It’s starting to feel like ‘Cultural Council week’ at the Republic, with their third article related to this organization. Like the previous articles, this one on the Scottsdale Public Art program is also a bit lacking in detail.
Did you know that “Arts and Culture” is the third of the “four dominant themes” of Scottsdale’s master policy document, the General Plan? The “Values and Vision” section at the beginning of that document says, in part,
Scottsdale’s cultural assets are an integral part of the community and a basis for further development.
The most visual and apparent part of “Scottsdale’s cultural assets” are components of the Scottsdale Public Art program ‘managed’ by the Scottsdale Cultural Council. Public Art is one of the three divisions of SCC, which is a private business formed to contract with the City of Scottsdale for management of taxpayer-owned cultural assets. The other two divisions are the Scottsdale Center for Performing Art (SCPA) and the Scottsdale Museum of Contemporary Art (SMoCA).
One big distinction between the divisions is that Public Art is funded by City Council-earmarked development fees. It’s difficult to charge admission to public art, though there is discussion of adding to that funding via contributions. More on that momentarily…
Award Winning Program
The Republic’s most recent article focuses on Scottsdale Public Art’s new master plan:
The 28-page plan serves as a blueprint for the award-winning program’s future.
I take a little issue with that statement. The program was “award-winning” long before the “two years of heated discussion” the Republic cites as the catalyst for the new plan. If anything is going to serve as a ‘blueprint’ for success, you’d think it would codify what led to the success rather than recommending something else.
Ellen Andres-Schneider, a Scottsdale Cultural Council member who chaired the master-planning task force, said the final plan is the result of consensus reached within and outside Public Art and led to the building of “better relationships.”
I have absolutely no idea what that statement means, especially in light of this one:
The master-planning process stalled in 2011 after some in-fighting among the Public Art leadership, including director Valerie Vadala Homer who resigned in September, and Cultural Council President Bill Banchs.
Valerie, who built the “award-winning” Public Art program with twenty years of hard work, was forced out because her boss (CEO Bill Banchs) was intimidated by her intelligence and work ethic. That’s the bottom line. How does eliminating one of the core factors in the success of the program constitute, ‘building better relationships?’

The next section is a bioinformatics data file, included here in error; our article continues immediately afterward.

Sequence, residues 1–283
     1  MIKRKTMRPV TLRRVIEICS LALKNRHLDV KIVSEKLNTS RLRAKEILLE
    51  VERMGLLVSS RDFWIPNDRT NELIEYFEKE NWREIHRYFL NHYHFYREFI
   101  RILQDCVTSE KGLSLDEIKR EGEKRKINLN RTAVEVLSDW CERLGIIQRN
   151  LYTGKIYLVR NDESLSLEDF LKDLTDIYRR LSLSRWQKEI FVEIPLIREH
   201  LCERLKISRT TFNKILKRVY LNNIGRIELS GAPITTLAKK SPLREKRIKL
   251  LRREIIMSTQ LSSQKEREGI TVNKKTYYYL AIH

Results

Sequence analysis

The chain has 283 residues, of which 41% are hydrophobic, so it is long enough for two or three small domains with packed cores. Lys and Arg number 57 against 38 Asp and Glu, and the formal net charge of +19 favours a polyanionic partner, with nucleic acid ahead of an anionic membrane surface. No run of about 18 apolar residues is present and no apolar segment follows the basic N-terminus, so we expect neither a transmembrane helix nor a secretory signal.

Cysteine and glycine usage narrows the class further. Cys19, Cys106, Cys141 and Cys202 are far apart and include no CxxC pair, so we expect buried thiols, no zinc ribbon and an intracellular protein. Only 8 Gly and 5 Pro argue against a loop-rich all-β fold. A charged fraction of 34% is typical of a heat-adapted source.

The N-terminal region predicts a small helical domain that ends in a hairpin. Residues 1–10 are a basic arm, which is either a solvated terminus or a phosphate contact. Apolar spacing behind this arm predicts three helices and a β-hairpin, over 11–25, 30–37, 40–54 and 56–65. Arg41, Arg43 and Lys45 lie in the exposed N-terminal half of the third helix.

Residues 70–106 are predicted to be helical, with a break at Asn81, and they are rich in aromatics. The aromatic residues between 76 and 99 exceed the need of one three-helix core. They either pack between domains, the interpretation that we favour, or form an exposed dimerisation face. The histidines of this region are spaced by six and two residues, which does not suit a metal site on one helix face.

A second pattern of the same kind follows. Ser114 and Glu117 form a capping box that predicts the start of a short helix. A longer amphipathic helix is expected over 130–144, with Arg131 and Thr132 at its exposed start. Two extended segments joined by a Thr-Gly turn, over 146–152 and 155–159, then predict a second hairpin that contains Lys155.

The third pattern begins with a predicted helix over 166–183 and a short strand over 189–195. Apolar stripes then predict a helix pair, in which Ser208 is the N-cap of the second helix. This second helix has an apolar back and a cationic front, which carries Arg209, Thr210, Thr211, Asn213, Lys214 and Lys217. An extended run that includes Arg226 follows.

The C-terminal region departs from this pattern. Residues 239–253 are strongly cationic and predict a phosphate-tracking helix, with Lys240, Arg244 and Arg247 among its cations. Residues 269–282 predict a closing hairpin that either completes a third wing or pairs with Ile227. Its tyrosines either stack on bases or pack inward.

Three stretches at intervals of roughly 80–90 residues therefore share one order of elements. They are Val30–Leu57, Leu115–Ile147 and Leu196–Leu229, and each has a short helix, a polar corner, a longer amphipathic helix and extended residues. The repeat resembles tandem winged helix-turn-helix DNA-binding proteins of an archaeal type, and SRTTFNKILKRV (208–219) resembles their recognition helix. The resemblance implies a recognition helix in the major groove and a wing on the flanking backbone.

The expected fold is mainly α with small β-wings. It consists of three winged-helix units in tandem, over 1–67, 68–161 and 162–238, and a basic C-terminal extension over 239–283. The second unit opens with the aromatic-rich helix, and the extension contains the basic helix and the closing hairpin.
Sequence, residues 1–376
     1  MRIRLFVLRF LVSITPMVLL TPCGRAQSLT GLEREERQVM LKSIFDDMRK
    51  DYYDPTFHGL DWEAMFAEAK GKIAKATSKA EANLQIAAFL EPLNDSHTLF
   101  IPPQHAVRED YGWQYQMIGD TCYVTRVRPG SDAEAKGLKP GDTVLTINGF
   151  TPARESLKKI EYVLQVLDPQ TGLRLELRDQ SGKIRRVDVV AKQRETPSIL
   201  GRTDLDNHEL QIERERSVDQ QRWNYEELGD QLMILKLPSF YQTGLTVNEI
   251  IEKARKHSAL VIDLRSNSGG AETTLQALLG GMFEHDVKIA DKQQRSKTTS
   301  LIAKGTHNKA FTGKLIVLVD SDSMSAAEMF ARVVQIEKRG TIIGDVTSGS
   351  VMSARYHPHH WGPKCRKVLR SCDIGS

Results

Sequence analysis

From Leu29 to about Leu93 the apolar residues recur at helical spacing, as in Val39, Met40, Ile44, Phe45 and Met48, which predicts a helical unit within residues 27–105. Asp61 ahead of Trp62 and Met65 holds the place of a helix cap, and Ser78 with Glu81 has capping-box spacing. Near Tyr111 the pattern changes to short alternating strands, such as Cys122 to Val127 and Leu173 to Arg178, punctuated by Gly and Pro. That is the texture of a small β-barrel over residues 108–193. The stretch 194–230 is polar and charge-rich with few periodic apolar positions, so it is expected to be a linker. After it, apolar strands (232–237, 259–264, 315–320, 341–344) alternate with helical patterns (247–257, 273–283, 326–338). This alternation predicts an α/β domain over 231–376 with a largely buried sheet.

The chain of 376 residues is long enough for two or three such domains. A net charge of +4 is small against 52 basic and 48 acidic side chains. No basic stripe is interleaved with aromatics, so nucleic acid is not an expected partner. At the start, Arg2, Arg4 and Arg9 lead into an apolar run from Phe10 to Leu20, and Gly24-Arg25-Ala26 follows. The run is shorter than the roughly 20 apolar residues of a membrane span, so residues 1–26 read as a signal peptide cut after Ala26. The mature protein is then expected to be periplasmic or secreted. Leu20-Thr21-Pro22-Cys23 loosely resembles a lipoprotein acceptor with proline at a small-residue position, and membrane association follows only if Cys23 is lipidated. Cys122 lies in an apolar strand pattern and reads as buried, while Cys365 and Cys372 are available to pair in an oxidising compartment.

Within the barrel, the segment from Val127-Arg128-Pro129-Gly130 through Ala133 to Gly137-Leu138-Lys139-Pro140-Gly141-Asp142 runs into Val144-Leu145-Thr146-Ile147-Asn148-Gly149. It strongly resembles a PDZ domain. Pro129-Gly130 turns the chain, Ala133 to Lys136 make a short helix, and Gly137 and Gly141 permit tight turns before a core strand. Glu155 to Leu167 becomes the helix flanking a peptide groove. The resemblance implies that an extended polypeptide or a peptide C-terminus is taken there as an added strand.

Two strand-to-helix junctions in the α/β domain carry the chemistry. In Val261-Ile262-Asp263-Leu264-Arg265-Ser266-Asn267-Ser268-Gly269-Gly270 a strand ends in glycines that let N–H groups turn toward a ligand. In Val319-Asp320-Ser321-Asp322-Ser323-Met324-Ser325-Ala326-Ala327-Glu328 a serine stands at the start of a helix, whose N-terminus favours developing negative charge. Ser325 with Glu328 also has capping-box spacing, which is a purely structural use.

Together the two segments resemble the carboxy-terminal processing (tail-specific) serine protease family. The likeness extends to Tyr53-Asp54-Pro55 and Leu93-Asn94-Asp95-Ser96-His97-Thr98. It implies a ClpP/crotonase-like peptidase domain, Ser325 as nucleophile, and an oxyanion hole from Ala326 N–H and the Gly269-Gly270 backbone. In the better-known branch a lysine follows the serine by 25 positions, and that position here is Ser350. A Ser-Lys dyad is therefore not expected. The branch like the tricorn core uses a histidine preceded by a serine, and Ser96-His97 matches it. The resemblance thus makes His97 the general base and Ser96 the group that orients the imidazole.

Mike Miller, Cultural Council chairman, said that while the council board does not have the power to change the avenues through which Public Art is funded, “there is a lot of things we can do by ourselves.”
I’ll ignore Miller’s ironically uncultured grammatical error. I’ve certainly committed a few of those. However, it shouldn’t escape anyone’s notice that as Linda Milhaven’s replacement as chair, Miller has presided over the last three years of declining revenue (both contributed and earned revenue) and ALL of the conflict between Cultural Council administration (Banchs) and Public Art (Valerie).
Yes, there is a lot you (the Cultural Council) could do by yourselves. Why haven’t you done it, Mike?
The Republic article continues:
The master plan states that Public Art will continue to commission iconic, stand-alone statues and art structure but also will organize events and interactive works that support the city’s tourism and quality-of-life missions.
How is that different from Public Art’s current mission?
The rest of the ‘master plan’ consists of both common sense items (in which case they should have been part of the operation anyway) and esoteric trivialities.
The one exception:
Exploring fundraising. Public Art currently has no personnel dedicated to fundraising.
How many development (fundraising) personnel has Cultural Council prez Bill Banchs hired to do HIS job recently. I heard six!
Why wasn’t some of that effort dedicated to Public Art? Because Banchs doesn’t give a canal fish fart about Public Art, in spite of his quarter-million dollar salary. And, apparently, neither does the Chamber of Commerce-infiltrated Board of Trustees.
Which reminds me of the Maurois quote I posted yesterday.
Is Banchs a leader? Is Mike Miller? Are any of the Trustees? Jim Lane and the City Council? The Scottsdale Cultural Council is like a taxpayer-funded, nuclear-powered aircraft carrier without a captain OR a rudder. It’s a behemoth which never needs fueling on its journey to nowhere, as long as it gets free rent and its $4 million annual cash subsidy.